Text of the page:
As a side note, one may note that Dr. T’s balance sheet changes as follows when taxes are paid:
Can the Fed issue an infinite amount of monetary base?
Yes it technically can given that the monetary base is composed of liabilities of the Fed. In practice though, the ability to inject reserves is constrained by the operational requirements of monetary policy. Post 4 shows that if the central bank issues reserves regardless of the needs of banks, it will not be able to achieve a specific policy interest rate it sets for itself unless it changes its operational procedures (which it did during the recent crisis).
At the origins of the Fed, some constraints were also put on the types of securities that the Fed could buy or that banks could pledge as collateral with their promissory notes to get an advance from the Discount Window. There was a fear that the Fed would over issue monetary base given its broad monetary power. Here is the language of the preamble of the 1913 Fed Act states:
To provide for the establishment of Federal reserve banks, to furnish an elastic currency, to afford means of rediscounting commercial paper, to establish a more effective supervision of banking in the United States, and for other purposes
“Elastic currency” just means that the Fed is able to create (and withdraw) monetary base at the will of banks and the public, i.e. in function of the needs of the economy. However, until 1932, the Fed operated under the Real Bills Doctrine (RBD). What that meant is that the Fed ought to only accept securities that “self liquidate” in A1 and as collateral for A2. Self-liquidating securities are those that are issued and destroyed in relation to economic activity. Firms issue securities to produce goods and services and repay them when Firms sell their production. The idea was that by tying monetary-base creation to production financing, the Fed would avoid inflationary tendencies that could come from an elastic currency. Monetary base (and so money supply as the thought of the time went) would grow in-sync with production.
In practice, RBD never worked out well for both theoretical and practical reasons. WWI led to a large amount of treasuries held by the Fed. The Great Depression led to the elimination of the doctrine and the 1932 Banking Act widened dramatically the types of securities the Fed could accept if needed (Table 1).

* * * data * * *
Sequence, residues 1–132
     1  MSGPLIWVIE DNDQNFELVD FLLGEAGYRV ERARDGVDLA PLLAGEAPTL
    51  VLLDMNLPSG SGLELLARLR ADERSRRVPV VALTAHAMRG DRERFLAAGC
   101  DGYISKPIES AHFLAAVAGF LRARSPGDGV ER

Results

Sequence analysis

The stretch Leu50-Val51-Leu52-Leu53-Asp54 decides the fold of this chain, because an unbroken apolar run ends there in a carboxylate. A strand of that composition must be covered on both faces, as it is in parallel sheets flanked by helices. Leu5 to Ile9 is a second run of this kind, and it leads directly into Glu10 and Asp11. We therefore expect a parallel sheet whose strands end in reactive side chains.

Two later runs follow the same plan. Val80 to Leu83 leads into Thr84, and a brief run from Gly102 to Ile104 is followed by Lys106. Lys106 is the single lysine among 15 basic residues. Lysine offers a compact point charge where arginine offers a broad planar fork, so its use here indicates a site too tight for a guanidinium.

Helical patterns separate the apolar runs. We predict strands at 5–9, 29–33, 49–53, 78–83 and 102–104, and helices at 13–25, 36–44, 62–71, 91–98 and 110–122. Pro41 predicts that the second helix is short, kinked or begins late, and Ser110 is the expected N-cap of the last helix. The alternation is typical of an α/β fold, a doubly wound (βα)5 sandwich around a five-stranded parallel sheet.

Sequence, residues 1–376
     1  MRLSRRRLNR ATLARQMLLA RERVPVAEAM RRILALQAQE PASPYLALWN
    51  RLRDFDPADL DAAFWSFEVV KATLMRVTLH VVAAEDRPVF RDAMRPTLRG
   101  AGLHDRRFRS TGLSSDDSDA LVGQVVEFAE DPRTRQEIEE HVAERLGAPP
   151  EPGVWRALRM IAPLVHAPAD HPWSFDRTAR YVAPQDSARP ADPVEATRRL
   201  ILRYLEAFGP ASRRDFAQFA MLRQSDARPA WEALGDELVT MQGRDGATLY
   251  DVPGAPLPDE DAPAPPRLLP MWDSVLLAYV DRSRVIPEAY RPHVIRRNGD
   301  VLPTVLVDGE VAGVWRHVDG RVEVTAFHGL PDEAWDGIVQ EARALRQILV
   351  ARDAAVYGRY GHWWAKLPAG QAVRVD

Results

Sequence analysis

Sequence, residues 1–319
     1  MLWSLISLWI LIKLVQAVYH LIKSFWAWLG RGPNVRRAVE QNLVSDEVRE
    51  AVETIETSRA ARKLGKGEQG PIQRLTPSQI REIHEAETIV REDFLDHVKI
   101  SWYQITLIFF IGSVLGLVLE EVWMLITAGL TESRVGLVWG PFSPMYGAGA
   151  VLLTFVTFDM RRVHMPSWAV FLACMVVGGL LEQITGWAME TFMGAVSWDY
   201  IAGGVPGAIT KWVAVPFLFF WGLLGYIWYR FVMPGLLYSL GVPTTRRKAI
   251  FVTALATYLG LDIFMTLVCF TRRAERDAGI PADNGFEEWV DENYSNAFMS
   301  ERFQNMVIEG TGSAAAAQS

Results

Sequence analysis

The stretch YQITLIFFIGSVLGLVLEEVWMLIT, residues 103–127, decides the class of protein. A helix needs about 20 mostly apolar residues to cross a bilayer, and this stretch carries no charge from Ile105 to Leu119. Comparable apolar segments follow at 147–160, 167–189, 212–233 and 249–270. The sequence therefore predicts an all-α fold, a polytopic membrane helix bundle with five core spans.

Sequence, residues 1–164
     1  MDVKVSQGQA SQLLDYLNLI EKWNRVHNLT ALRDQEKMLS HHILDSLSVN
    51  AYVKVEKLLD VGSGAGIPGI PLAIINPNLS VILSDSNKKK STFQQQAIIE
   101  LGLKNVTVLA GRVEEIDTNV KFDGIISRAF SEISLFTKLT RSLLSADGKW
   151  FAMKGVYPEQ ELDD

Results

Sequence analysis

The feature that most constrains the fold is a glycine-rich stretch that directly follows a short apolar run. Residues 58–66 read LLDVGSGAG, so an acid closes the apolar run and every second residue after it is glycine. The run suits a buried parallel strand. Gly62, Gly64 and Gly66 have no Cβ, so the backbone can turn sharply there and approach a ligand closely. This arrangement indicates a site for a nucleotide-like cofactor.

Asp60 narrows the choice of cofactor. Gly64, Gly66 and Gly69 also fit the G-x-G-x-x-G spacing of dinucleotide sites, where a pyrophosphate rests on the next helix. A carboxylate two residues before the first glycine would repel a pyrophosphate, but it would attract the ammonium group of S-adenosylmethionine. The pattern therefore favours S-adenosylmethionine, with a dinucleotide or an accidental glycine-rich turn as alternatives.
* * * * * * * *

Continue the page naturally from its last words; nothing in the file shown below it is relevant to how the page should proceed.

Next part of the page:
One of the problem of RBD is that it relied on private-indebtedness (issuances of securities by companies to finance production, “real bills”) for monetary policy to work. During a recession, banks did not have enough real bills to sale or pledge to the Fed because economic activity was dead so private issuance plunged. This is problematic because the scarcity of real bills limited the ability of banks to obtain reserves, just at the time when banks desperately needed some to counter bank runs and make interbank payments.
More recently, Dodd-Frank amended the Federal Reserve Act to constrain the capacity of the Fed to use “emergency powers,” i.e. its ability to accept any type of securities from anybody. This was a reaction to the advances provided to AIG that was not part of the Federal Reserve System. It was also a reaction to the opaqueness of the Discount Window operations during the crisis and how questionable some of the transactions were.
The Fed needs to be able to fight panics and the ensuing liquidity crisis when everybody and every banks are trying to get their hands on the currency. This is why the Fed was created. It can only do so by being able to buy, or accept as collateral, a wide verity of securities.
This leads to a final important point. Given that the Fed provides a safety valve in the financial system, it may lead to moral hazard. Financial-market participants may take more risks knowing that, if things go south, the Fed will intervene to avoid a collapse of the financial system. As a consequence the Fed must do two things:
- The Fed should also have ample regulatory and supervisory powers, AND it should use them. That is what the last bit of the preamble is all about.
- The Fed should discourage moral hazard and promote safe banking practices by accepting only securities that are of quality (that is based on sound underwriting and not in default) and from solvent institutions: The Fed exists to squash banking liquidity crisis (temporary inability to access funds), not to keep insolvent banks alive (permanent inability to pay creditors).
Unfortunately, these two conditions have not been met recently and moral hazard has increased dramatically.
The alternative is Andrew Mellon’s advice to Hoover: “liquidate labor, liquidate stocks, liquidate farmers, and liquidate real estate…it will purge the rottenness out of the system.” However, this belief in the self-cleansing of market mechanisms does not work, especially so in times of financial crisis and panic (see Part 14).
Done for today! Next post will dive into monetary-policy implementation by looking at the pre- and post-crisis monetary policy operations.